Many buyers seem to be opportunistic to agree terms at today, particularly because of the lead time from terms being agreed to actual completion, on average takes six months – the likely view is that the market will have settled again by that point.
What impact is the virus having on dental practices?
Interestingly we have seen more of a surge in activity for NHS practices. The sentiment coming from the market is
- If a buyer is currently working as an Associate, then their income will begin to reduce as a direct result of fewer patients coming to the practice. Therefore, deals have been accelerated somewhat, in order to transition from Associate to Principal owner
- If a buyer is a practice owner already, then the early suggestion is that monthly NHS monies will continue to be paid but this may be reduced to reflect lower overheads during this period
- Another benefit within the NHS at present is that it’s our understanding that clients should avoid a breach notice under the Force Majeure clause for not fulfilling their contractual delivery obligations
- With regards to private practices, unless there is a viable proportion of secure income being guaranteed via a plan provider, then these opportunities look likely to be ‘paused’ for a period of time. The tone from buyers is that they still very much want to complete the deal, but an extension of time is required beyond the current pandemic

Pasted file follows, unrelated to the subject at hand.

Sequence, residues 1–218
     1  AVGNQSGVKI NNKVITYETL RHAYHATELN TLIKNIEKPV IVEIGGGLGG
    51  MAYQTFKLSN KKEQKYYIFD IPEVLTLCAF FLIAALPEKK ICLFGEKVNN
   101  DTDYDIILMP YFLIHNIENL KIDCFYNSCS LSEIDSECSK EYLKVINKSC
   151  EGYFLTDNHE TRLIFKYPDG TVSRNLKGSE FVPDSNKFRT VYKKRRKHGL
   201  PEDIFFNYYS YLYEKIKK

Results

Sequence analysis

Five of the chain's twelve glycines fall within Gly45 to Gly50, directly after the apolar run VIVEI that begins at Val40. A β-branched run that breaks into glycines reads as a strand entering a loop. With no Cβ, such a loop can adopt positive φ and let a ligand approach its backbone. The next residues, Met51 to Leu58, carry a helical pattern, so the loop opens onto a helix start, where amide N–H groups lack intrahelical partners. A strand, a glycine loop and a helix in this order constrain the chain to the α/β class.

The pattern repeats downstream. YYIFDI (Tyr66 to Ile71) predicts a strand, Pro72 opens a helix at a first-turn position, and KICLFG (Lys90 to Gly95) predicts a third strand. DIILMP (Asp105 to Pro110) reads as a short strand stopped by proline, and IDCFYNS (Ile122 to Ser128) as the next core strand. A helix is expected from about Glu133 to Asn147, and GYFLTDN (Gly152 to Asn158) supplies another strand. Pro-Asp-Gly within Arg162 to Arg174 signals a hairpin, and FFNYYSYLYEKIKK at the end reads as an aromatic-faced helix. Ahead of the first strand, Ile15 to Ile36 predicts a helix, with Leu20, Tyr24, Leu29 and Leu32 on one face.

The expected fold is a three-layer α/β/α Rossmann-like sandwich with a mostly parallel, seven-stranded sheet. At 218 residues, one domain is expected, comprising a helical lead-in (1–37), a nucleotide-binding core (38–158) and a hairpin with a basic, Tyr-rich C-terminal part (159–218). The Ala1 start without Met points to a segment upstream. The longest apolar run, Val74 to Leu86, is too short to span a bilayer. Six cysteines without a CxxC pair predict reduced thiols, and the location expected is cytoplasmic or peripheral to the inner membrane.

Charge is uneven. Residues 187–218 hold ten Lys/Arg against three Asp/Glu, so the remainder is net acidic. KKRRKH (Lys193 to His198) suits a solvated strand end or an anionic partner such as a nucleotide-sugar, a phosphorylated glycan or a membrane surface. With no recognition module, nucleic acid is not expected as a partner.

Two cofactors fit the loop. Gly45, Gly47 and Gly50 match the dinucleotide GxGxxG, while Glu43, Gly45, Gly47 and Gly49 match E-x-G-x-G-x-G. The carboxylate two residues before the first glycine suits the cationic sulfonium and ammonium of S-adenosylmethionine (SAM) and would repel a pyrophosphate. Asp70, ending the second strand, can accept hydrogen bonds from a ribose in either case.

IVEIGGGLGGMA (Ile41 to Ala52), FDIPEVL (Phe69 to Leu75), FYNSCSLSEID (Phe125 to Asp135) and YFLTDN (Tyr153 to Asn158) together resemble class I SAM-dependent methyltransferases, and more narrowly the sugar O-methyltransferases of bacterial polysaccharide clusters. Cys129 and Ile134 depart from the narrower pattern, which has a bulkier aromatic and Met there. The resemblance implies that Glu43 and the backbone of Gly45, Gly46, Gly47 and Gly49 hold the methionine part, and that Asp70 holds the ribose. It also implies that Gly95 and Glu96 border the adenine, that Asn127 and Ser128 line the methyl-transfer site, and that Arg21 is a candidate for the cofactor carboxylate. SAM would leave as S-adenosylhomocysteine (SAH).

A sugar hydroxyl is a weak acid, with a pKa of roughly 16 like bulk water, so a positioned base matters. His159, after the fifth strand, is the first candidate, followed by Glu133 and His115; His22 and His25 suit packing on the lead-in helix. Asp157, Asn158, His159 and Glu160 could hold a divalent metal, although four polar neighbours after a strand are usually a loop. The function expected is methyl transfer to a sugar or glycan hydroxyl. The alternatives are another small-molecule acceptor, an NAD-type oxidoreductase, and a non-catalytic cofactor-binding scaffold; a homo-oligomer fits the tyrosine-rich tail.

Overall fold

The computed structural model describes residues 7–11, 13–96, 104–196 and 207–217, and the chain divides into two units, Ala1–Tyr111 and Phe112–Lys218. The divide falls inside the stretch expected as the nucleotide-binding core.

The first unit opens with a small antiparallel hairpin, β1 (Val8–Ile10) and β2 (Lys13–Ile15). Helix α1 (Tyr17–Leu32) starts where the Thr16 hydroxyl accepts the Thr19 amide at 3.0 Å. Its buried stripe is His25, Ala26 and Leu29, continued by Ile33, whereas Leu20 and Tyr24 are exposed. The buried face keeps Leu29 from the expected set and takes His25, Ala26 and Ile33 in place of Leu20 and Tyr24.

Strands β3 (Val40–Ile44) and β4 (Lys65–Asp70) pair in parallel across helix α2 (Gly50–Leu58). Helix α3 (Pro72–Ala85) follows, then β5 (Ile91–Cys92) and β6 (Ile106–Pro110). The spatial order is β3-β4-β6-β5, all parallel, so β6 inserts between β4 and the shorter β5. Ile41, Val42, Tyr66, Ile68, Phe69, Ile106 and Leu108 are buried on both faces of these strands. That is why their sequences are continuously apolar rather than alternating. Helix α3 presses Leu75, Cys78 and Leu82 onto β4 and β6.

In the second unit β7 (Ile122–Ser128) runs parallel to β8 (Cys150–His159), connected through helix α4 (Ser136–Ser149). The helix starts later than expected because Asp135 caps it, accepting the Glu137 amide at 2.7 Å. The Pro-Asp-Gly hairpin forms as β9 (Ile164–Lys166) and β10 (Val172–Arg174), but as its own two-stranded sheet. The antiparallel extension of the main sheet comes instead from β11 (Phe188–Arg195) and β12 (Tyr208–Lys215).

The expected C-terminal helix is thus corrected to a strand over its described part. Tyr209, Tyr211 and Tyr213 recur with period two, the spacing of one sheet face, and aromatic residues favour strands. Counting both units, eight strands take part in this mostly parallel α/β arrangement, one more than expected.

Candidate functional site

It is yet to be formally confirmed, but we have heard from a senior BDA committee member that discussions with NHS England might lead to NHS practices continuing to be paid, likely at a reduced amount to reflect lower overheads during this time, with amended clawback arrangements whereby no clawback will be made (subject to certain reasonable conditions, for example, if it proven that the underperformance has occurred due to COVID-19).
Similar support is also being reviewed for Scotland and Wales. This position changes daily and further live updates can be found on the BDA (British Dental Association) website.
Have Christie & Co seen much change to the way that the dental sector is operating?
It’s early days still, but unless the practice for sale is a flagship site, then the major corporates are unlikely to complete. However, they are continuing to express interest and where possible get Due Diligence underway.
In terms of regional corporates, we’ve seen some transactions across the country successfully completing and aiming for others to complete imminently. These owners (with healthy financials) are of the view that this could create an opportunity for them to buy up practices in the next six months or so, allowing them to significantly expand their businesses. So, hopefully not all doom and gloom.
If you own a dental practice and want to sell now, is that going to be possible?
In brief, yes. Our UK team are still seeing activity from potential sellers who are asking us to provide advice. Despite physical visits to practices now being impractical in the short term, we understand that some practice owners who are ready to sell will not be able to wait indefinitely. With this in mind, we are more than happy to conduct ‘desktop appraisals’ – providing you with the same detailed report, but without risk.
We are also more than happy to conduct meetings via video call in order to give clients and prospective clients greater comfort during these unprecedented times.